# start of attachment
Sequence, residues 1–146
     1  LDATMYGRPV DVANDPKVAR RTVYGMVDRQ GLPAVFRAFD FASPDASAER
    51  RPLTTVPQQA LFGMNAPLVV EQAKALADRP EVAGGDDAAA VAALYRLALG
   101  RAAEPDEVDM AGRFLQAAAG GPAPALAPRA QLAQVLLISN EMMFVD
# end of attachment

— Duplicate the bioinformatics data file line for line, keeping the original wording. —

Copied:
Sequence, residues 1–146
     1  LDATMYGRPV DVANDPKVAR RTVYGMVDRQ GLPAVFRAFD FASPDASAER
    51  RPLTTVPQQA LFGMNAPLVV EQAKALADRP EVAGGDDAAA VAALYRLALG
   101  RAAEPDEVDM AGRFLQAAAG GPAPALAPRA QLAQVLLISN EMMFVD